Auditor also noticed that schools in Gujarat were cooking mid-day meals in the open.
The Gujarat-model of education seems has been criticised by none other than the Comptroller and Auditor General of India (CAG), after the country’s top audit watch dog found glaring lacunae in the way elementary schools were being run in the state. CAG found schools in Gujarat functioning under trees and temporary shelters.
CAG found that even after four years from the date of enactment of The Right of Children to Free and Compulsory Education Act, 2009 or the RTE Act, many of the schools in Gujarat had not been provided with buildings, adequate teachers and basic amenities like drinking water. These facilities were to be provided to all schools by August 2012, observed CAG in a report on Local Bodies that was tabled in the Gujarat legislative Assembly on Tuesday.
In Gujarat there are 31,545 elementary school managed by Panchayati Raj Institutions (PRIs) as on March 31, 2013. These consisted of 10,188 primary schools with stand I-V and 21,357 upper primary schools with standard I-VIII.
CAG checked 10 districts that had 14,797 elementary schools between 2008-13 and found that 48 schools did not have their own buildings and 56 schools were in dilapidated condition, in need of repairs. That’s not all. 14 more schools did not have their own buildings.
During the field visits undertaken in Junagadh district, the auditor found a primary school in Dodhi Nes (shown in records as functioning in its own school building) to be operating from a temporary shelter. Another school in Hadala Nes in the same district to be functioning under a tree. CAG has printed the pictures of both these schools in the report which stated that the RTE Act necessitates schools to have an all-weather building.
The RTE Act also provides that a school should have at least one class-room for every teacher with the provision that there would be at least two class rooms in primary schools and three class rooms in Upper Primary Schools. “Audit observed that though sufficient funds were available, due to lack of planning 10 percent (or 3146 schools) of the 31,545 elementary schools were functioning without adequate class-rooms (July 2013),” the report stated. The percentage of inadequacy of class-rooms in Gujarat ranged from one percent (Surat district) to as high as 53 percent in Jamnagar district.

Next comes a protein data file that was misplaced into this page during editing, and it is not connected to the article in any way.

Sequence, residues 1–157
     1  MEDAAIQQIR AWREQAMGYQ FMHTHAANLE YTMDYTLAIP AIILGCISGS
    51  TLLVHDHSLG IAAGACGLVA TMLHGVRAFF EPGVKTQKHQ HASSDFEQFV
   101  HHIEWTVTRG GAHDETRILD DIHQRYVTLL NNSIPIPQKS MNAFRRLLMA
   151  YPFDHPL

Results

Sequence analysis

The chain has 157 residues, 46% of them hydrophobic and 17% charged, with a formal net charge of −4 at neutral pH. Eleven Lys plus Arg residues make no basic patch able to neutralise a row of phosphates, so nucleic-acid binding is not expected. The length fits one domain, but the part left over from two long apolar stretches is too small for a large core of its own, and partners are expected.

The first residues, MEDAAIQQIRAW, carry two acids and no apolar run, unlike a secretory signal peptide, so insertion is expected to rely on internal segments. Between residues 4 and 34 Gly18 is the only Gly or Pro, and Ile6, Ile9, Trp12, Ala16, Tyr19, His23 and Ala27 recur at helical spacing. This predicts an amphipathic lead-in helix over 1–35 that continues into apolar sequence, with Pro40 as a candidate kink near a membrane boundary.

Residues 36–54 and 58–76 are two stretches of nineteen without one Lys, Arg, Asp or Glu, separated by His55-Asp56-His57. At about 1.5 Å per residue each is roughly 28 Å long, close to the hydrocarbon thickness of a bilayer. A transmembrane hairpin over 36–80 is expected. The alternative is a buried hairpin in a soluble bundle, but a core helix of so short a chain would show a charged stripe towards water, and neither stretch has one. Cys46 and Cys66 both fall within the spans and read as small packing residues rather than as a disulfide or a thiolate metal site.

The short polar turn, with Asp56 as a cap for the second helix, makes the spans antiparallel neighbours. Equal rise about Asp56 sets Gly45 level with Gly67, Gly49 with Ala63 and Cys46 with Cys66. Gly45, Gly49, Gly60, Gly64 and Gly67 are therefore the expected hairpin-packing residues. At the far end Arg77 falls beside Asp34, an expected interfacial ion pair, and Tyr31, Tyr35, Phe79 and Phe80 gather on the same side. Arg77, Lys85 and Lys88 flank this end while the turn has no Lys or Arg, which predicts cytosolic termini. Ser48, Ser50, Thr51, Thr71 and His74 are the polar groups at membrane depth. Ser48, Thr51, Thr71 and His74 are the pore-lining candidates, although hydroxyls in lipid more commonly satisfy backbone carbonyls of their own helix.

Out of the 300 schools visited by CAG, the pupil-class room ratio (PCRR) in 38 schools was above the norm of 40:1 provided under the RTE Act. An eye-brow raising PCRR of 108:1 was observed in Shamalpur primary school in Bhiloda taluka of Sabarkantha district. “The strength of these classes were more than that envisaged under RTE Act, which adversely affected the quality of education,” CAG observed.
CAG also noticed that safe and adequate drinking water facility was not ensured for students in 175 (58 percent) of the 300 schools visited. Moreover, 82 percent of these schools did not have disabled friendly toilets, while in nine percent of them there were no separate toilets for girls and boys, an issues that have been raised a countless times at public forums by both Gujarat chief minister Anandi Patel and Prime Minister Narendra Modi.
Apart from these, the auditor also noticed that schools in Gujarat were cooking mid-day meals in the open; schools without playgrounds, library and benches and desk for students. “This indicates that even after four years from the date of enactment of RTE Act, compliance with the norms and standards prescribed in the Act was not ensured, which led to denial of basic facilities guaranteed under the Act to the children of a large number of schools in the state,” observed CAG.